Polar Plant, Compass Plant, Compass Weed
Scientific Name: Rosmarinus officinalis L.
Essential oil, resins, tannins, flavonoids, bitter principles
Crickets chirping, the full power of the sun in your face, clear, pungent air. Scents tell stories. Rosemary brings with it pictures of its native Mediterranean home where this shrub covered in bluish-green, needle-like leaves can grow to a height of six feet. From March to May it is adorned with pale blue two-lipped flowers which are arranged at the tops of the branches. This evergreen shrub is a particular lover of dry, hot slopes. The original form is only moderately tolerant of frost. In our part of the world it can therefore only be grown outside throughout the year in sheltered places. Incidentally, there are now winter hardy varieties which can withstand temperatures as low as -15°C.
Rosemary tonifies the circulation and harmonises the nervous system. It is used for abdominal colics, rheumatism, gout, chronic debility and low blood pressure. Taken internally it also helps relieve fullness, flatulence and mild crampy gastrointestinal and biliary disorders. Used sparingly as culinary herb it makes all dishes easier to digest.
There is disagreement about the origin of the word Rosemary. Some people say it comes from the Greek rhops myrínos = pleasant smelling shrub. Others say it is derived from the Latin words ros = dew and mare = sea, indicating its habit of growing in coastal areas.
In ancient times Rosemary was dedicated to the goddess Aphrodite and was used for adornment of both gods and humans.
In the first century AD colonising monks carried Rosemary across the alps to northern Europe.
In the 16th century Rosemary achieved renown as Hungary water, a distillate of fresh Rosemary flowers and alcohol concocted specially for Queen Isabella of Hungary who was paralysed and suffering from gout. It is said to have cured and rejuvenated her so completely that a Polish king asked to marry the 72-year-old.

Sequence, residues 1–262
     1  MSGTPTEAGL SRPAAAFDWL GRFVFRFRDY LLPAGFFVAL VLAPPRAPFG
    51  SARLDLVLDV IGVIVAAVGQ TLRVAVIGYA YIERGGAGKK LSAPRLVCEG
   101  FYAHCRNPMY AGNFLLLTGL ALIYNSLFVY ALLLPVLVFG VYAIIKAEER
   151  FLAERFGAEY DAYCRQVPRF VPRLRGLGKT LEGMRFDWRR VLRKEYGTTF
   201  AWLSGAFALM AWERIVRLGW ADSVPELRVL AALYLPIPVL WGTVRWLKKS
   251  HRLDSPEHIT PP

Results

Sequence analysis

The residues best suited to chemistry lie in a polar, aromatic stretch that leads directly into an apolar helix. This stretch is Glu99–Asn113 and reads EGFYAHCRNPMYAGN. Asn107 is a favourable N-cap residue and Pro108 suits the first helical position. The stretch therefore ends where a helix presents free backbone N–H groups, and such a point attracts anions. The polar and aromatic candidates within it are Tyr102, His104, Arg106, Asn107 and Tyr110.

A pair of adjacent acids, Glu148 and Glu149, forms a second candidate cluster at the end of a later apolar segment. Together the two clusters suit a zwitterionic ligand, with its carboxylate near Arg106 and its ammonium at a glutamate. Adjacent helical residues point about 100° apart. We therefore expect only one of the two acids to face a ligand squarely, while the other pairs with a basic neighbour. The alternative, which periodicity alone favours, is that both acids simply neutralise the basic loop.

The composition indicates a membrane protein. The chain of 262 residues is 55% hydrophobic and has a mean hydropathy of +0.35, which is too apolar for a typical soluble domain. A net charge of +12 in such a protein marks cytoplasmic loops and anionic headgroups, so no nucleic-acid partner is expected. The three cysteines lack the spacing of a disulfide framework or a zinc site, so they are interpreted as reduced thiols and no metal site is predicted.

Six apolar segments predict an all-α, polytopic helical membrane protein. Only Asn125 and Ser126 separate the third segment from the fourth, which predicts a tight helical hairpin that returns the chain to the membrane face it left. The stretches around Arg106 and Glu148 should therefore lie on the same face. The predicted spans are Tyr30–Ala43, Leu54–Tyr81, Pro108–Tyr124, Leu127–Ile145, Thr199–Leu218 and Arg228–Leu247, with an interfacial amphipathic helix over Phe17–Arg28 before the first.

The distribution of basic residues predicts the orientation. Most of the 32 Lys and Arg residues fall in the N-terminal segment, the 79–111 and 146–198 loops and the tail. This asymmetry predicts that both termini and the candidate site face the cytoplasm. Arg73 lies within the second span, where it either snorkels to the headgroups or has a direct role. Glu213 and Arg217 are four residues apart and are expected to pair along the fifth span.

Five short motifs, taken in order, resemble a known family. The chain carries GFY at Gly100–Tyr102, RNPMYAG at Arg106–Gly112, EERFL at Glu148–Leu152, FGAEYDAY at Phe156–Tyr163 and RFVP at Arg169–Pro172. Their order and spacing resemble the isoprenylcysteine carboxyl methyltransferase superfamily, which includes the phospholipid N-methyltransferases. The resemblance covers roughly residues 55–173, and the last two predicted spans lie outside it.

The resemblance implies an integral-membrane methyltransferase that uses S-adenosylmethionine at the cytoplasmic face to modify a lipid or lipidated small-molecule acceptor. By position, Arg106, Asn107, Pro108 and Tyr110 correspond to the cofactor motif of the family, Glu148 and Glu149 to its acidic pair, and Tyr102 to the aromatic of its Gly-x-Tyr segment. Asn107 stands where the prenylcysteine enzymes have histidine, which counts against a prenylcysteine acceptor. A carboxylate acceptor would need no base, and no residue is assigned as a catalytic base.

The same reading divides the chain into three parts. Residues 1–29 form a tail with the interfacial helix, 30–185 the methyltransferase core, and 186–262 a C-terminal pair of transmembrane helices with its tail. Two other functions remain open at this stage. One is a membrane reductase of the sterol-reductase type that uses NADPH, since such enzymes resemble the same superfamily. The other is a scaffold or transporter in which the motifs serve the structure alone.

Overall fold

In ancient customs Rosemary is found as symbol of love and as wedding decoration. It was said that anyone who touched a flowering Rosemary bush would soon be inflamed by love and marry. Men who are left cold by the scent of Rosemary are said to be incapable of true love.
But Rosemary is also described as a plant associated with death. We must leave it to the reader to fathom how the plant comes to have these two contrary associations.
The plant from another perspective
If we want to know what a plant smells like we spontaneously bend down to smell the flower. This is usually where we can inhale the essential oils. Not so with Rosemary. The fragrance comes not from the flowers but from the leaves, which are so full of essential oils that the air is laden with them far and wide. Leaves that are like flowers? On the one hand they exude fragrance on the other hand they are contracted to narrow needles which scarcely deserve to be called leaves. The sun has left its formative traces here, the strong sun of the Mediterranean summer, the sun which Rosemary loves so much and which it collects within itself in order to bestow it on us. Thus Rosemary is warming and at the same time forming, structuring and stimulating.
The plant in our products
Rosemary ist contained in: